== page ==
‘Abbott Elementary’ Star Sheryl Lee Ralph Brings Crowd to Its Feet Singing at Creative Coalition’s TV Humanitarian Awards

The heat wave in Los Angeles couldn’t get in the way of the church of Sheryl Lee Ralph.

The “Abbott Elementary” actor was met with a standing ovation in Beverly Hills on Sunday at the Creative Coalition’s Television Humanitarian Awards Gala Luncheon, where she was an honoree. Hosted by Variety‘s Marc Malkin, the ceremony was meant to celebrate a number of figures working in the TV industry who also devote their time to worthy social causes. Ralph received the honor, presented to her by “The Marvelous Mrs. Maisel” star Reid Scott, for her work with DIVA (Divinely Inspired, Victoriously Anointed).

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She began her acceptance speech with a powerful rendition of Dianne Reeves’ “Endangered Species: “I am an endangered species / But I sing no victim’s song / I am a woman I am an artist / And I know where my voice belongs.”

“Forty years ago, America stood up and, in no uncertain terms, turned its face to the LGBTQIA+ community and said, ‘We hate you. We will not help you,'” she said. “Why? Because they had AIDS. Because some of them were gay. Forty years ago is time enough for people to forget when you would go to see friends suffering in the hospital, there was no hospital bed for them. You would find them stretched out in a mattress-less gurney, dying for help.”

“I’m not talking to you about what I heard. I’m talking to you about what I saw,” she continued. “When you would sing and dance with your company members one day, and they would be fighting for their life the next. With nobody to act like they were a wonderful child of God, much less a human being. So I created DIVA — Divinely Inspired, Victoriously Aware. Alive. Awesome. And since it’s Sunday, we dare to be: Audacious. Anointed.”

Also unafraid to use his platform was James Cromwell. As noted by his presenter and “Succession” co-star Alan Ruck, Cromwell has been a known activist since the ’70s, when he marched to support wrongly incarcerated Black Panthers or to protest the Vietnam War. It was his work with PETA (People for the Ethical Treatment of Animals) for which he received the Television Humanitarian award.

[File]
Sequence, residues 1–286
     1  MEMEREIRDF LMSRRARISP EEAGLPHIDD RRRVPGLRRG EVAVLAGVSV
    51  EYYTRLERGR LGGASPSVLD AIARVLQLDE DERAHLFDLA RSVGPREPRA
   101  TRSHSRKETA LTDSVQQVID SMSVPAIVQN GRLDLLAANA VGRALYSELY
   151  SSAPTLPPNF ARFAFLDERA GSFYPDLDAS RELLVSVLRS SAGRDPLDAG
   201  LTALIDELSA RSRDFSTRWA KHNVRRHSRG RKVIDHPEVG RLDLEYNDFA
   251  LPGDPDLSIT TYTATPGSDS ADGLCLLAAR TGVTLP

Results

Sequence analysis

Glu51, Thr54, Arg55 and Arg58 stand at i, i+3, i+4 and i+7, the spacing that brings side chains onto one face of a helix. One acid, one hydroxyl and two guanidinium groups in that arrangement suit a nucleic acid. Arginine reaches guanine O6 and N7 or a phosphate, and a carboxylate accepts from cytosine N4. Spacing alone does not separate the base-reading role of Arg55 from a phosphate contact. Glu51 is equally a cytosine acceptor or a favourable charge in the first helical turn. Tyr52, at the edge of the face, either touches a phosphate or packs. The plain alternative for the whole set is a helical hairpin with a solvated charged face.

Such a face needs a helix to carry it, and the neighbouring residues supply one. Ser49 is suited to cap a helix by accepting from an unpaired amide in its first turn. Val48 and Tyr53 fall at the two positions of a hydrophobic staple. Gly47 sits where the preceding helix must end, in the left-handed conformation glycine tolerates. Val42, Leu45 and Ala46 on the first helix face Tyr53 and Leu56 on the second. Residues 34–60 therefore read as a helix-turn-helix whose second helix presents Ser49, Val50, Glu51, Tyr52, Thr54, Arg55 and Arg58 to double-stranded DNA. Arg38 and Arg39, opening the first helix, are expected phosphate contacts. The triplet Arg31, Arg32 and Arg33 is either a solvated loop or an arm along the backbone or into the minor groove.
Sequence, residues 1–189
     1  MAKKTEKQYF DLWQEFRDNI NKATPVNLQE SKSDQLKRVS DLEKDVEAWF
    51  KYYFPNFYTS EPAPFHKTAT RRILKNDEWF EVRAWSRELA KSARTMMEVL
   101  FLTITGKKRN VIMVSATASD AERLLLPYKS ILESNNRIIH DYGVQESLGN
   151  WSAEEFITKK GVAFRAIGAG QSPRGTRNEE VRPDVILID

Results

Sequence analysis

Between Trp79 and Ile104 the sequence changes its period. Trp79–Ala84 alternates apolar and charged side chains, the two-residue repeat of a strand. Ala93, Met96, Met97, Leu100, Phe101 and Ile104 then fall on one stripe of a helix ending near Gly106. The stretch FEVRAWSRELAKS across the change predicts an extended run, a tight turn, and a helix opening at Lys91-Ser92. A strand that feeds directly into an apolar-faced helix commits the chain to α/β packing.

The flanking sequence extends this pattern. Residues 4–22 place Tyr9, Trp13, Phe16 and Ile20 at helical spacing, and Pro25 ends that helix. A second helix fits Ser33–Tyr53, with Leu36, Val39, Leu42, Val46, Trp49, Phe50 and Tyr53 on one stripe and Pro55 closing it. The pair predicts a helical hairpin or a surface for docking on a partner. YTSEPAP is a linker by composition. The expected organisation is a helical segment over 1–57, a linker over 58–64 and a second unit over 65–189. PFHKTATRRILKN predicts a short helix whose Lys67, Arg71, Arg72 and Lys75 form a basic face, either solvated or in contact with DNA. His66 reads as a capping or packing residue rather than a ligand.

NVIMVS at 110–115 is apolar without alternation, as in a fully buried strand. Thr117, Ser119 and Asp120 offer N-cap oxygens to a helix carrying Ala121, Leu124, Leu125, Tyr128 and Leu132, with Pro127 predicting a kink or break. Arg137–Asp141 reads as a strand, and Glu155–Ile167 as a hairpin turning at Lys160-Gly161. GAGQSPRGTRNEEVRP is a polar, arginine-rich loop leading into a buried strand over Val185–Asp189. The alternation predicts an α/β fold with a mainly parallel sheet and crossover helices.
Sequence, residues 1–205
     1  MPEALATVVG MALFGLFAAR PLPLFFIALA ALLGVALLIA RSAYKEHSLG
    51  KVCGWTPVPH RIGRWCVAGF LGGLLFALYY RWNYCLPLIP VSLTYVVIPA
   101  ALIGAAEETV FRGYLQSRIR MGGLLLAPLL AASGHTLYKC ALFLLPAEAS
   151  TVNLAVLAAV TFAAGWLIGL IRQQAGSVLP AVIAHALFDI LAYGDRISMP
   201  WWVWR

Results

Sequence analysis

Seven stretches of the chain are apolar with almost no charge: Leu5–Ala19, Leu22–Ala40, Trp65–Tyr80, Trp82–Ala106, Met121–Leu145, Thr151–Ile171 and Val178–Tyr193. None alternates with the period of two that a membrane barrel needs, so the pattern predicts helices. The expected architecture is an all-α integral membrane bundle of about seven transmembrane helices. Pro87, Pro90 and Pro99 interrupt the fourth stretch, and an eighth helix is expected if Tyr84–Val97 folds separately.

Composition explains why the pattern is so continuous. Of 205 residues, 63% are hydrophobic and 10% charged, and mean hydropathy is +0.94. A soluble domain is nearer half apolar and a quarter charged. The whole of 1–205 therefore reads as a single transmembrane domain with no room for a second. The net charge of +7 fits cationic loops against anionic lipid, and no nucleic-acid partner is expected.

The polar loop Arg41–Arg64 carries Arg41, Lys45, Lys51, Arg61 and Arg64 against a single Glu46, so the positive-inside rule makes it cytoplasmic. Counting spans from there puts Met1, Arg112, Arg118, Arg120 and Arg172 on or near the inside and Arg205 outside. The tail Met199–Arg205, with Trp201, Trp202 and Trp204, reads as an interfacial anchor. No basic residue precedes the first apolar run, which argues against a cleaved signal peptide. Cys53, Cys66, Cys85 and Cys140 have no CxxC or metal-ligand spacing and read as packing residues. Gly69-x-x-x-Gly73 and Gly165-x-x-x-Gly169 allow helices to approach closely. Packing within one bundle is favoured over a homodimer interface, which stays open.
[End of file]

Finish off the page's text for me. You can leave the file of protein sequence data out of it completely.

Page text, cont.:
“I don’t mean to put anybody on the spot, but how many vegans are there in the room?” he asked, to which very few raised their hands. “The statistics say that industrial animal agriculture produces more methane gas than the whole transportation sector in the United States. The planet is saying to us, ‘The system is not working.’ So if you love animals, stop eating them. Become a vegan.”

James Cromwell and Alan Ruck at the Creative Coalition Television Humanitarian Awards held on September 11, 2022 in Beverly Hills, California.
James Cromwell (left) receives his Creative Coalition Television Humanitarian Award presented by Alan Ruck (right).

In his intro, Ruck had also noted that it was starring in 1995’s “Babe” that inspired Cromwell’s veganism — which prompted fellow honoree Samantha Hanratty (“Yellowjackets”) to show Cromwell a tattoo of a pig that she got in honor of the movie. Hanratty was being recognized for her work with the MacPac Foundation, which supports research about the rare neurodegenerative disorder HBSL. Her award was presented by Creative Coalition president Tim Daly.

Like Ralph, Colman Domingo also brought the crowd to its feet as he received his award from presenter Tramell Tillman (“Severance”). Domingo, whose role in “Euphoria” won him this year’s Emmy for drama guest actor, took the stage to discuss his involvement with the Legal Defense Fund: “I represent so many Black men. Ordinary Black men. Black people. And Black people are under duress in America every single day. What they need is support, so I wanted to make sure that I put my money where my mouth is.”

Also honored at the event were Melissa Rauch (“The Big Bang Theory”) for pediatric cancer advocacy organization Oscar’s Kids, Cheryl Hines (“Curb Your Enthusiasm”) for United Cerebral Palsy, Paul Scheer (“Black Monday”) for the National Network of Abortion Funds and Jamie Denbo — who was presented the Your Voice Carries Weight award by previous recipient Yvette Nicole Brown (“Community”). Denbo received the award for writing the “Grey’s Anatomy” episode “Living in a House Divided” and its spotlight on obesity. As the organization’s CEO Robin Bronk put it, it’s a major priority of the Creative Coalition to “unveil the shame and blame surrounding obesity.”

“Look out, world, ‘Grey’s’ is going to have a lot to say about reproductive rights this season,” Denbo said in her speech. “And if you take anything from this, please remember: the BMI is a bullshit calculation. You can Google it. Thank you so much.”

Colman Domingo, James Cromwell, Paul Scheer, Samantha Hanratty, Sheryl Lee Ralph, Melissa Rauch, Jamie Denbo and Cheryl Hines pose for a photo with their awards at the Creative Coalition Television Humanitarian Awards held on September 11, 2022 in Beverly Hills, California.
(Left to right: Colman Domingo, James Cromwell, Paul Scheer, Samantha Hanratty, Sheryl Lee Ralph, Melissa Rauch, Jamie Denbo and Cheryl Hines)

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